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NASA InSight lander 'mole' suffers another Mars misfortune

NASA is trying to take Mars' temperature with a heat probe, but Mars isn't having it.

InSight snapped this selfie on Mars.

NASA/JPL-Caltech

Mars is a planet. It doesn't have feelings or intentions, but it's hard not to personify it when it seems to be fighting back against our attempts to study it.

NASA's InSight lander has been struggling to send a heat probe beneath the planet's surface. Just when it seemed to be making progress, Mars rejected it.

The InSight team tweeted a GIF on Sunday showing the Heat and Physical Properties Package (HP3) probe popping back up out of the Mars soil from where it had partially buried itself. HP3 is better known by its "mole" nickname.

"Mars continues to surprise us," the NASA InSight team wrote. "While digging this weekend the mole backed about halfway out of the ground." NASA said preliminary assessment suggests "unexpected soil properties" are to blame for this bizarre behavior.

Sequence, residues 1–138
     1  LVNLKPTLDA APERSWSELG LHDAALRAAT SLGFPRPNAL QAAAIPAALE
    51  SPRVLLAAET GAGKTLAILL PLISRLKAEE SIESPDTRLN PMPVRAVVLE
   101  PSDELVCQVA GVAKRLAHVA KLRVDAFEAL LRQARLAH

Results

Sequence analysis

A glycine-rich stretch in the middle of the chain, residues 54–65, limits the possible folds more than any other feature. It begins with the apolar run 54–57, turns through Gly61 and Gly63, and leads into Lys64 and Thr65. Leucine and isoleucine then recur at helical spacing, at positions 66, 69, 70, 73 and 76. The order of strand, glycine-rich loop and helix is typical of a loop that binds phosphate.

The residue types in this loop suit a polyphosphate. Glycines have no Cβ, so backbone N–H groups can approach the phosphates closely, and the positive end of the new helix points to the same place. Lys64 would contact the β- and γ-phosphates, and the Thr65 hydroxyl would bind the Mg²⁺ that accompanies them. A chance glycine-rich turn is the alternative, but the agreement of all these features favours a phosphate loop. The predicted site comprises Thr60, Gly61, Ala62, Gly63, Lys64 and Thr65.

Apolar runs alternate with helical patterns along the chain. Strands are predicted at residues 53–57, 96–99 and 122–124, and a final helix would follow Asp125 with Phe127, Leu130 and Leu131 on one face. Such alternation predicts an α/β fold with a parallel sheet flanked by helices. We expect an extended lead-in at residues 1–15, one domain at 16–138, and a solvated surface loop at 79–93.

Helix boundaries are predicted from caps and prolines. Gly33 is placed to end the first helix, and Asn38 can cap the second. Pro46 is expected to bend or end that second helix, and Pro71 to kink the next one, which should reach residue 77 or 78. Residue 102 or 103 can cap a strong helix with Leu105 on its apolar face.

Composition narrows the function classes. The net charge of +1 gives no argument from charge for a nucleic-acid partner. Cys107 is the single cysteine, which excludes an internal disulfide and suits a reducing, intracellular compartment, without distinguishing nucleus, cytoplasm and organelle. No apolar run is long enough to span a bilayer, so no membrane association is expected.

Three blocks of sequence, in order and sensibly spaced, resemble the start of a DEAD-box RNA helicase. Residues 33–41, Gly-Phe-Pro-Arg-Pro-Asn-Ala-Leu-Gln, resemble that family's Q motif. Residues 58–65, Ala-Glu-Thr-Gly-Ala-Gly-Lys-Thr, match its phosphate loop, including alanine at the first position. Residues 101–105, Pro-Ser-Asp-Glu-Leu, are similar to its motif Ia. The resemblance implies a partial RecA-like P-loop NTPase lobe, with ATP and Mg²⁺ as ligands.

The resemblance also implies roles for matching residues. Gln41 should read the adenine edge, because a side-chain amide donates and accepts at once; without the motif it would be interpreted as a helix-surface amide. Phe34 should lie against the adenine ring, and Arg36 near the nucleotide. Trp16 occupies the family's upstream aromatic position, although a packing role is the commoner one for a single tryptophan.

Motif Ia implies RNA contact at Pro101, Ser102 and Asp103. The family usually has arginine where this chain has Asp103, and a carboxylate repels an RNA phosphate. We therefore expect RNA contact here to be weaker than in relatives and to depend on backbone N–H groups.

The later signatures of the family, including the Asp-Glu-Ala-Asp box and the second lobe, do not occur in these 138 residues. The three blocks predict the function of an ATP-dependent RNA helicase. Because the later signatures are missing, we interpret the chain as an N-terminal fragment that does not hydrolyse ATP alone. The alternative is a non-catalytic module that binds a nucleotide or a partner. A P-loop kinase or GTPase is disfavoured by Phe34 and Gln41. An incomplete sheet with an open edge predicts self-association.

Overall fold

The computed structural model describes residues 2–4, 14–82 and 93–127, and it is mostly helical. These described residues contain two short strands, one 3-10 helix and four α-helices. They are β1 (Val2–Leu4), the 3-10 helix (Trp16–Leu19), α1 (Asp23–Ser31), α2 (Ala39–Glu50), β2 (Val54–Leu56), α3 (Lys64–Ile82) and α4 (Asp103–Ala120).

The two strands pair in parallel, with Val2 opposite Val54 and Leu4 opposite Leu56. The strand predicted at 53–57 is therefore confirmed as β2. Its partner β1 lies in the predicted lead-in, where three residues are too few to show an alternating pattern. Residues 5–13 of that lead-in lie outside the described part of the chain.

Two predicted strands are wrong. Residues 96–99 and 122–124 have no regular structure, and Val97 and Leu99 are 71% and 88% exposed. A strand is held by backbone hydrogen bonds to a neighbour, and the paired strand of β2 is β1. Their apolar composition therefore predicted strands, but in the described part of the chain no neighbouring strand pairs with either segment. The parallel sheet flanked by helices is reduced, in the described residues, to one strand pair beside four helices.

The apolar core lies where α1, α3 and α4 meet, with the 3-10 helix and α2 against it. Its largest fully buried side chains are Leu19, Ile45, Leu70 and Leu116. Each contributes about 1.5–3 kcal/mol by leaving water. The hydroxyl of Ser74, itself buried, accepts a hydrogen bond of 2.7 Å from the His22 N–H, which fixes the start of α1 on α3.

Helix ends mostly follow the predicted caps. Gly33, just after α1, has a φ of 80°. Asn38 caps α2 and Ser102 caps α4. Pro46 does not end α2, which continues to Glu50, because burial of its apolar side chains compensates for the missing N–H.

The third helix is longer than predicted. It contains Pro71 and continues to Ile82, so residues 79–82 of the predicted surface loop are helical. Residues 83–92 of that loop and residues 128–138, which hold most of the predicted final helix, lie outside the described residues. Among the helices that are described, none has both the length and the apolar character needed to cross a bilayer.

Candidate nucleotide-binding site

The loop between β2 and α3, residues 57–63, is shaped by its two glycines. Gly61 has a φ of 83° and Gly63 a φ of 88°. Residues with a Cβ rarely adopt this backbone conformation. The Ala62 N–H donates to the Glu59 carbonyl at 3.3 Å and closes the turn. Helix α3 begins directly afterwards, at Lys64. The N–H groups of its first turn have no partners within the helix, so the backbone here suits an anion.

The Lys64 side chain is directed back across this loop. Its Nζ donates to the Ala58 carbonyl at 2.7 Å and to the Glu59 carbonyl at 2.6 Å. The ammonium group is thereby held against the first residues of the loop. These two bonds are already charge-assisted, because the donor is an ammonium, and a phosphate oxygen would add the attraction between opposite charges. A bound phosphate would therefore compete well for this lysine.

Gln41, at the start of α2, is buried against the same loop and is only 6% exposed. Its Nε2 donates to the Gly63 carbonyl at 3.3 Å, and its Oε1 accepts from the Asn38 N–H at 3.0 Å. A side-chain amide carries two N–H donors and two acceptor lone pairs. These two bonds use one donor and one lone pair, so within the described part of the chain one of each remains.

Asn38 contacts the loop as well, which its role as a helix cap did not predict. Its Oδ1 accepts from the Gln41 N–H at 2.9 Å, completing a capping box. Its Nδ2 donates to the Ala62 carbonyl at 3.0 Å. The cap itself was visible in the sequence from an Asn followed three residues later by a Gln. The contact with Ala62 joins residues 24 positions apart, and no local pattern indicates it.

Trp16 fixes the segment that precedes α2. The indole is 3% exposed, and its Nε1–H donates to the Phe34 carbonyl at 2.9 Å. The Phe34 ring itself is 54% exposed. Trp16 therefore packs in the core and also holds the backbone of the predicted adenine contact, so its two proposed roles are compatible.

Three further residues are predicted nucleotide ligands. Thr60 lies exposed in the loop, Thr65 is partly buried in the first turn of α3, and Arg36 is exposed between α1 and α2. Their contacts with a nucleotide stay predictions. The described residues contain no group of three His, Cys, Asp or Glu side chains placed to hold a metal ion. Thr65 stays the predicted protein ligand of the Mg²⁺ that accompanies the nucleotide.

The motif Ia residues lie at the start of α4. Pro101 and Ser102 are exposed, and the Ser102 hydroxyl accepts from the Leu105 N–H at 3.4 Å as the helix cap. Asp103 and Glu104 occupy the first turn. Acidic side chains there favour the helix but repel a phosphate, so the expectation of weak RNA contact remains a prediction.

The probe was supposed to burrow its way down to a depth of 16 feet (5 meters) to take the temperature of Mars from the inside. It's all part of the mission's purpose to study how rocky planets (like Mars and Earth) are formed.

The mole got stuck shortly after its initial deployment in February. Recent efforts to use the lander's robotic arm to help it along seemed to be working until this latest setback.

The German Aerospace Center (DLR) designed the heat probe. NASA associate administrator Thomas Zurbuchen took to Twitter to say engineers are now analyzing the data to try to figure out what happened. We expect to know more sometime this week.

"One possibility observed in testing on Earth is that soil could fall in front of the mole's tip as it rebounds, gradually filling the hole in front of it as the mole backs out," the InSight team said in a follow-up tweet.

It will be a disappointment if the mole doesn't succeed, but the rest of InSight's work is going gangbusters. The lander, which touched down in November 2018, has taken a selfie, picked up on marsquakes, listened to the wind and even won an Emmy. That's an impressive list of accomplishments for a young mission.